Wednesday, January 14, 2015

The left has been guilty of attacking free speech, says the left

Leigh Phillips on Ricochet writes a powerful, if avowedly leftwing defence of free speech and goes on the attack at what he calls the "anglophone left" for calling Charlie Hebdo "racist", clearly showing that those who repeat this call don't understand French, which of course is a form of what some on the left might call "neo-cultural imperialism":

The last few days have been a humiliation for the anglophone left, showcasing to the world how poor our ability to translate is these days, as so many people have posted cartoons on social media that they found trawling Google Images as evidence of Charlie Hebdo’s “obvious racism,” only to be told by French speakers how, when translated and put into context, these cartoons actually are explicitly anti-racist or mocking of racists and fascists.

Now I would argue vehemently that the left has a strong history of sympathising with those who support censorship, including soft peddling many regimes that would imprison or murder those who expressed political dissent.  Given its strong support for state solutions to most problems or support for so-called "direct action" (a euphemism for vandalism, trespass, intimidation and threats of violence), it is consistent to support wanting to close down debate,  but Phillips seems to get it:

There is a worrying trend on the left to dismiss freedom of expression as part of the colonialist project, to repudiate free speech as a meaningless elite piety. In recent years, the liberal-left, particularly in the anglophone world, has taken to demanding the censorship of “offensive” or “triggering” speech, and student unions, theatres, universities, schools, municipalities, art galleries and other public venues have increasingly shut down a wide range of speech acts. Even many traditional civil liberties groups appear to be cowed. Demonstrators go beyond protesting those they oppose, and now try to actively prevent them from speaking, as in the case of efforts to disinvite Bill Maher from UC Berkeley last year — ironically during the 50th anniversary of the Berkeley Free Speech Movement protests. In 2014 in the United States, campus protesters prevented commencement addresses by former secretary of state Condoleezza Rice, attorney general Eric Holder, and IMF head Christine Lagarde. According to campus free speech group FIRE, 39 protests have led to the cancellation of protested events on campuses since 2009. All this is contrary to traditional leftist defence of freedom of speech and must be strongly opposed. The politics of the speaker should make no difference here.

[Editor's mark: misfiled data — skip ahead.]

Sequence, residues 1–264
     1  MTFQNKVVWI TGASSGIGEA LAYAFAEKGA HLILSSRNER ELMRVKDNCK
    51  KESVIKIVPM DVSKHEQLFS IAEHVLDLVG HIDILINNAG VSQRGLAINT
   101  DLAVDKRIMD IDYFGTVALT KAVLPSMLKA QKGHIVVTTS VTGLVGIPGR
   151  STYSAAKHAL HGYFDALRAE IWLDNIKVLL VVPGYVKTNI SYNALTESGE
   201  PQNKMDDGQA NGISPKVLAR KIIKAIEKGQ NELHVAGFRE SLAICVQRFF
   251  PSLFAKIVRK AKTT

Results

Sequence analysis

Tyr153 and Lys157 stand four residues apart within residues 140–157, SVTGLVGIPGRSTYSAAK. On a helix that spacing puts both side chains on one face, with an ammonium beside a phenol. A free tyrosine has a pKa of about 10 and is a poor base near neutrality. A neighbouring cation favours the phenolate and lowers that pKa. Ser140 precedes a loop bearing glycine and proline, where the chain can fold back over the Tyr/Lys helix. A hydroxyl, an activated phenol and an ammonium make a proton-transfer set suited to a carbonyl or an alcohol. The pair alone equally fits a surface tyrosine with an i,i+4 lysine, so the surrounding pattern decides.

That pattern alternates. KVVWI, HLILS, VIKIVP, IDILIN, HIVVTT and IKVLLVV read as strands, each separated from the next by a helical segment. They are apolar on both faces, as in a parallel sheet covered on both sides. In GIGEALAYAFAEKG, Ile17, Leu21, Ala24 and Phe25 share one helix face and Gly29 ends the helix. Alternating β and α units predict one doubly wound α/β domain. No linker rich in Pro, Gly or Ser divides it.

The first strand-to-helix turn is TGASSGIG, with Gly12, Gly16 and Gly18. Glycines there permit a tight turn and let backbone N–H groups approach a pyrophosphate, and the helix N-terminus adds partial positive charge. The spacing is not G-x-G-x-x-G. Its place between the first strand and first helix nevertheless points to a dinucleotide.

We counter bad arguments with good ones. The minute that we begin embracing censorship, it will be our own ideas that sooner rather than later will be deleted by the censors. And the irony is that while these calls to censorship frequently come from the “social justice left,” it is precisely as a result of the liberal foundation of freedom of expression that the women’s movement, the civil rights struggle and gay liberation have achieved all that they have.

The difficult Phillips has is the intellectual tradition he is aligned to has a firm belief in the control of language to control people and behaviour.  It has used the words "racist" "sexist" and now "Islamophobic" as a catch-cry for "shut up, your opinion is worthless, go away and be grateful we can't lock you up".  Those who criticise this get thrown the same word, because the "liberal" left thinks it has a monopoly on morality.

In actual fact it has embraced a form of collective group-think that those who lived under China's Cultural Revolution or the totalitarian Soviet satellite states in eastern Europe would recognise instantly.  It is why the term "politically correct" has been coined, albeit it too has been overused by some on the right to conceal their own bigotry.

Critics are labelled and consigned to the dustbin with that label, and there is a refusal to engage, and the most recent usage of the "check your privilege" claim is a way of focusing not on the content of speech, but on the background of the person speaking.   This, of course, is exactly what umpteen totalitarian regimes have done and still do.

I fear that the likelihood of the left in the English speaking world accepting free speech for those that reject many of its arguments, is not great.  The desire to restrict, regulate and control many aspects of people's lives, of businesses and to spend their money, runs through so much of what is advocated.  If you are going to continue to ban "hate speech", then you are going to continue to place free speech vulnerable to wider demands as to what is "hate".  After all, how many on the left would ban "hate speech" based on professions? i.e. banning vilification of say, bankers.

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